Thanks for coming back for part two, where I’ll cover the role of diet in turning on or off genes for chronic, preventative, disease. If you haven't yet, check out part 1 of this blog post first.
The Role of Diet
The truth is, most people aren’t taught how to eat properly. If the food pyramid we grew up with is what you looked to, then like most of us, you were led astray. Even doctors aren’t taught about nutrition in med school. Crazy right?! So it’s no surprise we’ve all been making shitty, convenient choices and getting fat and sick as a result. Many people still don’t realize that a diet heavy in processed foods is basically a breeding ground for disease.
Processed foods includes anything you can buy in a can, jar or package that has been mass produced in a factory setting with the goal of having the food last longer than it normally should. In order to avoid natural spoiling of these foods, the raw food ingredients are processed at very high heats which causes the food to lose most of its nutritional value including vitamins, minerals, fiber and other nutrients. Then preservatives are added to prevent germs and extend the shelf life of the food. The goal of preservatives is to ensure that germs, bacteria and insects find the food too toxic to want to take up residence in the food. Think about that. Donna Nakawazka, author of The Autoimmune Epidemic, explains the process perfectly. “To process food is to take it from nature, remove everything natural from it, then add preservatives, dyes, bleaches, flavours, emulsifiers and stabilizers, to make it taste, look, feel and smell like it was originally supposed to be but no longer is.”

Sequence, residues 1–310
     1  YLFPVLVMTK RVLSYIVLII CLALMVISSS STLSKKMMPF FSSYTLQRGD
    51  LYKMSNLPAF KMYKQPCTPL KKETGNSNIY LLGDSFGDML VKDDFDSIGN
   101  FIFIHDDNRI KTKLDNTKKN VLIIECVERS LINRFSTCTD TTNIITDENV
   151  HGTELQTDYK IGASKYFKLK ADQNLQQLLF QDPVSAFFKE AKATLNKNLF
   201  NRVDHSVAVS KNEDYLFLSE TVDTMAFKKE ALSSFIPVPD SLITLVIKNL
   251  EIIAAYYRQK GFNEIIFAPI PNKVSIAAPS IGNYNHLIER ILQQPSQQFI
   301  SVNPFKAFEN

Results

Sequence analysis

Honestly, if you can do yourself one favour - cut processed foods from your life and make a shift to whole, organic/non GMO foods wherever possible.
After removing processed foods, you can heal your gut.
Every organ in our body is connected to the gut – so when there's an imbalance there, it negatively affects the rest of the body. In fact, a whopping 90% of chronic, preventative disease can be traced back to an unhealthy gut. Because I suffered from it and have since healed it myself, I’ve chosen to specialize in treating one of the most common unwanted gut conditions, leaky gut.
Leaky gut is a condition where the intestinal wall becomes permeable (or gets tiny holes in it). It happens to us most often because of a crappy diet, unknowingly eating foods our body doesn’t agree with, medications, environmental toxins and stress. When the intestinal wall becomes too permeable (some is OK for nutrient absorption), undigested food particles and bacteria leak into the bloodstream and elicit a response from the immune system to fight off these foreign invaders. Over time, persistent firing of the immune system can create an inflammatory response in the body. Bad news, given inflammation is the root cause of all chronic, preventative disease.
How do you know if you have a leaky gut?
In today’s stressful and toxic world, I’d argue most of us have some degree of leaky gut. Because symptoms range vastly it can be hard to diagnosis; anything from excessive gas, constipation, diarrhea, bloating, brain fog, poor memory, low energy, unrestful sleep, skin rashes like eczema or psoriasis, intense cravings, mood disorders, and joint pain could mean you've got it. A few years ago, I would come home from work everyday so bloated I looked 5 months pregnant! It wasn’t exactly painful but it definitely wasn’t comfortable. I shrugged it off thinking I ate too much. I also had trouble sleeping, recurring psoriasis, brain fog and fatigue, and had been struggling with chronic constipation since my 20’s. Pooping (rather, not pooping) was a huge source of stress for me for a big chunk of my life. Looking back, I felt like garbage! But I assumed it was normal; that everyone must feel crappy most of the time (*facepalm*). Like so many who suffer with similar symptoms day in and day out, I didn’t realize my body was trying to tell me something. I had no clue that I was suffering from a leaky, inflammatory gut and as result, my autoimmune disease was brewing.
The bottom line.